Longhunter footwear

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Muskeg Stomper

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Fugawee is now making a pair of reproduction colonial shoes called the Lexington.
"The left/right Concord And Lexington is unlined and made of a heavier leather than the Franklin.The Lexington is 5/8 of an inch deeper then the regular Concord. The Lexington only comes in smooth at this time. This shoe is to afford the more mature reenactors space to place orthotics inserts or Inner soles without compromising fit. Thus giving more time to walk about, instead of sitting with aching feet wishing you could go visiting."
When I'm in the market for a new pair of buckle shoes, this is the route that I'm going to take.

For hunting or trekking, consider these.
Fugawee Hi-Low Trekkers
Yes they are still a little slick but you can always go to the shoe department at Walmart and buy those little tack-on rubber heel plates and stick on traction pads that they make for women's high heels. They work wonders for adding traction and nobody can usually see the difference
 

William O.

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Well, one solution would be the wear something that fits and works well for the task at hand even it it means covering your feet in something that is only loosly based on historical designs and find some way to cover them up or hide as much as you can, thus my suggestion for leggings. If it was going to be a 4 day hunt in the snow then I doubt anyone could see what you were wearing on your feet but might be able to hear it in your voice, like when you brag that your feet don't have frostbite. As noted, the Hi-Low Trekers have impressed many people, or you can always make some mocs for yourself. If you need a source of moose hide let me know and I'll give you some links to check out, plus I am sure plans for making yourself a pair would show up pretty quick too.
I've seen folks modify those suede Minitonka brand mocs into useable and period correct items (at a distance)
 

Onojutta

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Everytime I read of or see a picture of what most have described as HC footwear from the 18th century, my immediate reaction is that surely there had to be better footwear available then. After all, those people needed to survive on the frontier, not just recreate as we do. Like many things in life, often I find that the old timers of yesteryear had a better (and simpler) solution to many problems that modern technology claims to solve.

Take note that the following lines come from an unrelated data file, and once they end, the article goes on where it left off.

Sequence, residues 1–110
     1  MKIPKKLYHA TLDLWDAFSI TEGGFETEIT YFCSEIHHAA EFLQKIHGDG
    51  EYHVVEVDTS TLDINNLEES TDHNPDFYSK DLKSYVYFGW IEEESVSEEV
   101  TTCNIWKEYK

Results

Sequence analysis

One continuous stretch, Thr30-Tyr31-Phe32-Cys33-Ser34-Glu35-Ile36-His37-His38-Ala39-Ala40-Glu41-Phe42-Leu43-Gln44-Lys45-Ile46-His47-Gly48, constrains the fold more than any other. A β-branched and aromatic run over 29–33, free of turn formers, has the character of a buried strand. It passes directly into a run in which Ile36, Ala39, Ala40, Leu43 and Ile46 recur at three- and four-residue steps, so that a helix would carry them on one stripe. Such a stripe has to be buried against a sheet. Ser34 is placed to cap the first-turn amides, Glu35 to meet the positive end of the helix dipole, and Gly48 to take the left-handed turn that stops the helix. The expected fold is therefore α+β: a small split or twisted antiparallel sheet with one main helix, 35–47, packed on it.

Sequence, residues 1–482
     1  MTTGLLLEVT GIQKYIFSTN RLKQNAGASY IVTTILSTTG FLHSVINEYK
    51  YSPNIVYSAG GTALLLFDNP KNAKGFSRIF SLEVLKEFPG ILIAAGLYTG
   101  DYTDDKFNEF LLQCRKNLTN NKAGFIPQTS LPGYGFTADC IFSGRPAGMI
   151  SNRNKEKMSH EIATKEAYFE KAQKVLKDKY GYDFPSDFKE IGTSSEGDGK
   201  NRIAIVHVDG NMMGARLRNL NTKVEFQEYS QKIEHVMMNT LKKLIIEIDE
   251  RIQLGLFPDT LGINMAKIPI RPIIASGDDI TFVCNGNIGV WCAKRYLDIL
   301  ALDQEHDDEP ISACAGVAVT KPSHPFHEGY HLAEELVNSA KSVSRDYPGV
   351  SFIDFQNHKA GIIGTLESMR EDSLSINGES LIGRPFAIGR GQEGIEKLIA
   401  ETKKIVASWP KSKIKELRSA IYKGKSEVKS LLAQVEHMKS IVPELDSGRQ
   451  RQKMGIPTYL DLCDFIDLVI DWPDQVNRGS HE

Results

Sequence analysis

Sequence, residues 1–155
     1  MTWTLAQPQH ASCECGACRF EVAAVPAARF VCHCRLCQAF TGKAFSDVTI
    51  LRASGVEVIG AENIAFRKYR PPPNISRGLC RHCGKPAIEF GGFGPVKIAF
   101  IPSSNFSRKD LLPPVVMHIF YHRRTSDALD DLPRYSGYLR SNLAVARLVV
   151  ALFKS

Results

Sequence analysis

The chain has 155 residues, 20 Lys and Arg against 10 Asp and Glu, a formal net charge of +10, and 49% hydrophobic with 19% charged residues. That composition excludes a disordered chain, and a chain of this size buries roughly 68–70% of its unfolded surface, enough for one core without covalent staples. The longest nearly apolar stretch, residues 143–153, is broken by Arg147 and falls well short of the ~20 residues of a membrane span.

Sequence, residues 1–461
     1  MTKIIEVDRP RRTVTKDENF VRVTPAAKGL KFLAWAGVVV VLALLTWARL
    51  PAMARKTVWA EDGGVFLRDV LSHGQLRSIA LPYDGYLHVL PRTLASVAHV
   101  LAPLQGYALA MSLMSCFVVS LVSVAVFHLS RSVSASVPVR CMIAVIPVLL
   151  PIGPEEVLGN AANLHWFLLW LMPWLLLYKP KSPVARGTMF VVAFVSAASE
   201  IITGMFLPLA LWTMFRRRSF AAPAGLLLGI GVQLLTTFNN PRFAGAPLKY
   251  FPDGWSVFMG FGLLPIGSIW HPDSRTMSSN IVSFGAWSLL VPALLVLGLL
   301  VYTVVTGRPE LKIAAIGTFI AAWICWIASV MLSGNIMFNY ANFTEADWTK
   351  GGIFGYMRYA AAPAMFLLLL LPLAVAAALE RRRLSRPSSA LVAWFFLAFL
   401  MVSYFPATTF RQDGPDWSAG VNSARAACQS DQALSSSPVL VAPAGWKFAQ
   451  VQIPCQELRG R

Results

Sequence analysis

But, perhaps the greatest insight here is that as someone mentioned, when the longhunters and Indians could hunt year round, survival on the frontier meant you had all your meat for the winter skinned and salted long before many of us even purchase our hunting licenses, and so there wasn't need for boots that kept the feet warm and dry at 20 degrees F.
 

Muskeg Stomper

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so there wasn't need for boots that kept the feet warm and dry at 20 degrees F.
I doubt it. There are plenty of examples of native mocassins that will keep your feet warm at those temperatures and the French in Canada were smart enough to adopt similar footwear. The English settlers along the coast line were either not that smart or we just haven't found documented examples. Folks who had to operate in the cold of winter generaly stayed close to home and those that didn't adopted native footwear or suffered terribly.
 

flintlock75

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I have made and use a pair of caribou hide overboots, I wear my regular mocs inside and tied up the outer shell, they have the hair on the inside, i placed a piece with the hair out fro a bottom sole for traction. they work very well at -20 deg.



I use a leather strap to tie them up, they come up to my knee in hight.
 

tg

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I belive the true longhunter was not a winter type person as the hides were not in proper shape at this time.
 

Spence10

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flintlock75 said:
I have made and use a pair of caribou hide overboots....
Excellent.

The main problem in my area is that it isn't cold enough. The temperature doesn't stay below freezing long enough so that everything freezes. When you go out in it, you inevitably get your feet wet. Wet feet are cold feet. If temperatures are low enough to freeze everything up your feet stay dry, and can be warm.

Spence
 

Guest
Try the Stitchin Scottsman in Iowa, he makes some incredible mocs and will just about make anything you wish. Check his web site.
Good Luck
 

tg

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I think there is a pair of overshoe type things in the Illustrated Rev War Encyclopedia they may have been fairly common, it seem like a good idea.
 

mikee51848

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In a memoir I'm reading about Arnold's Quebec expedition (1775-1776), the author states that he (a Penna rifleman), had both shoes and mocassins.
 

Sharps1863

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As for myself I have to go with the Fugawee wear Hi-Lo's..
Moc's are comfortably, but I have to take care of my feet.
"Diabetic" so it is important for good foot protection and with moc's I'm afraid of sticking something through the sole into my foot. So with the Hi-Lo's I wear some good wool socks and carry a couple of extra pairs in-case the pair I'm wearing gets wet. I know a lot on here take HC/PC to heart but with me It's my well being 1st and foremost. Yes I wear insoles and the boots are hobnailed and heel-plated.
Better to be on the safe side.
 
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